Fashion faux pas forgiveness

If clothes make the man, then I am a perpetual teenager. My fashion sense hasn’t changed much in 30 years. Give me a well-worn pair of jeans and a ratty old T-shirt, and I’m happy.

Prior to having a baby, people might have regarded my cat-hair-covered coats, unpressed shirts or occasionally stained pants as my not caring about my appearance. But I’ve come to realize that in the post-baby world, looking frazzled is a badge of honor. Stain on my hoodie? It’s from burping the baby. Untucked shirt? That’s what happens when you’re playing on the floor to engage a child on her level. There’s probably still no excuse for my mismatched socks, occasional pairing of plaid and stripes and terrible taste in footwear, but I do get a lot more leniency in my wardrobe choices than I used to.

Get out of anything, always

Just like they are an instant topic of conversation, babies are also the ultimate get-out-of-jail free card when it comes to avoiding chores and unwanted social obligations. When your child is first born, most people respect your space: needy friends looking for a ride to the airport or help moving stop calling for a few months. And when they do start showing up at your door again wondering if you wanted to come by and help them install a new water heater, the response of “Can’t. Gotta watch the baby.” is never questioned.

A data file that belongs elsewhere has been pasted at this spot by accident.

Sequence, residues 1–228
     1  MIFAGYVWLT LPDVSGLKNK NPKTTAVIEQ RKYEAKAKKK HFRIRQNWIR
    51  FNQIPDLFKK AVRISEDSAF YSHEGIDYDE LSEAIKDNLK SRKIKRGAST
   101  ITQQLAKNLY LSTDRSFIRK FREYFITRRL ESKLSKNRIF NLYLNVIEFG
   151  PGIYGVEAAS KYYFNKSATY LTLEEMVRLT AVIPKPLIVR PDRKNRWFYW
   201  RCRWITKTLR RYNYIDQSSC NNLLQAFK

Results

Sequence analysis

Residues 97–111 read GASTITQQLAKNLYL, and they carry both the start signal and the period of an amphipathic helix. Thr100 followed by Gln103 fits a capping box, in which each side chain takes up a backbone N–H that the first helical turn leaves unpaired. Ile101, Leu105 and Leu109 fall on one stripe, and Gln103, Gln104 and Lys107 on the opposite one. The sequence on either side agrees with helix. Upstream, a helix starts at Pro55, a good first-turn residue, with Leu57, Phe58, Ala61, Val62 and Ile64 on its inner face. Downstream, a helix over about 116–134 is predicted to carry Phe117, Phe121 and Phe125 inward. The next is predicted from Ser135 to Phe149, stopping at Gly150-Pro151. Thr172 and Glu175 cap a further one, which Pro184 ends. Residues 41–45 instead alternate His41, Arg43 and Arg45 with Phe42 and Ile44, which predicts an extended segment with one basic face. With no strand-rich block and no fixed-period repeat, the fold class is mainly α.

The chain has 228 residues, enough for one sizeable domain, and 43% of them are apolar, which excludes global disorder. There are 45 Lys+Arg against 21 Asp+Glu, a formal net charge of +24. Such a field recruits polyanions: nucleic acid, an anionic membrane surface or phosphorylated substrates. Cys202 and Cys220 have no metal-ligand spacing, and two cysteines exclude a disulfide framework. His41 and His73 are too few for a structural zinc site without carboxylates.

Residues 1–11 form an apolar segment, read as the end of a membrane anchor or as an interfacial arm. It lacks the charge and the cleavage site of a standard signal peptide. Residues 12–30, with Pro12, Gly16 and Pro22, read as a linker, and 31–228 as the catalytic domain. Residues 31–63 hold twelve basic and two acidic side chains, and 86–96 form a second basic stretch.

Since my daughter was born, I haven’t felt obligated to travel across town to see a late-night performance by any of my friends’ bands, get duped into seeing some terrible movie with one of our couple friends or attend one of my wife’s dull office parties. It’s awesome.

But be warned: the baby trump card cuts both ways. Our child is always hungry, and as her official food source, my wife is constantly breastfeeding. So when dishes need washing, trash needs taking out, or if the cat just threw up, yours truly is the only able-bodied adult in the house to take care of it. Staying home and cleaning cat puke still beats an office party, and I’m gradually learning to accept that in most cases, mom will always have one up on me when it comes to prioritizing baby over less desirable activities.

tripp may 2Sunrises

My relationship with dawn has changed a lot in the past few weeks. In my old life, if I was seeing the sun come up, it meant I was out too late with people I probably shouldn’t have been with in the first place, or lying in bed, staring out a window, worrying about some work thing that eventually sorted itself out anyway. Not a great track record.

But lately, my daughter has been getting me up about 20 minutes before the sun, and I watch it come up every morning with her in my arms. I could give you some hyperbole-laden metaphor about the glory of ushering in a new day with a new life, but to be honest, I never think about it that deeply. It’s simply one of the few quiet moments of my day, and the only alone time my daughter and I get on a regular basis. I wouldn’t trade it for all the extra sleep in the world.